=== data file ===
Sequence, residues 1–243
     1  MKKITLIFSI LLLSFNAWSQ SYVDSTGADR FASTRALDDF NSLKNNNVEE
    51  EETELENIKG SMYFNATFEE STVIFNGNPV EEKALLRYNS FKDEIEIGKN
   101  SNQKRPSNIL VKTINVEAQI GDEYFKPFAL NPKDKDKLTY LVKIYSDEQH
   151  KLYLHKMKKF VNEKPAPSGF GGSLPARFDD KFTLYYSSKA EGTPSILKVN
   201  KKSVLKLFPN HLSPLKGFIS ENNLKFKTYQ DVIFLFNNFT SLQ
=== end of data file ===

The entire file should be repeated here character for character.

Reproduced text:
Sequence, residues 1–243
     1  MKKITLIFSI LLLSFNAWSQ SYVDSTGADR FASTRALDDF NSLKNNNVEE
    51  EETELENIKG SMYFNATFEE STVIFNGNPV EEKALLRYNS FKDEIEIGKN
   101  SNQKRPSNIL VKTINVEAQI GDEYFKPFAL NPKDKDKLTY LVKIYSDEQH
   151  KLYLHKMKKF VNEKPAPSGF GGSLPARFDD KFTLYYSSKA EGTPSILKVN
   201  KKSVLKLFPN HLSPLKGFIS ENNLKFKTYQ DVIFLFNNFT SLQ